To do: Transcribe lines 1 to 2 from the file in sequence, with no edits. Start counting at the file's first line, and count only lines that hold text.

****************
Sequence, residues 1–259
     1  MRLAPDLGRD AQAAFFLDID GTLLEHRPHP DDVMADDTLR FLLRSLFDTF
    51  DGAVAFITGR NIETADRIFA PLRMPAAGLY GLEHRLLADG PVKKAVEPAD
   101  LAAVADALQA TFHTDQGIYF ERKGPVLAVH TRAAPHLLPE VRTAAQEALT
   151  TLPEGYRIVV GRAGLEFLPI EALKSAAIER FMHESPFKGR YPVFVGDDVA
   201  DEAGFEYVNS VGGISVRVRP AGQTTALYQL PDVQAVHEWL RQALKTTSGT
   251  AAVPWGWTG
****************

Sequence, residues 1–259
     1  MRLAPDLGRD AQAAFFLDID GTLLEHRPHP DDVMADDTLR FLLRSLFDTF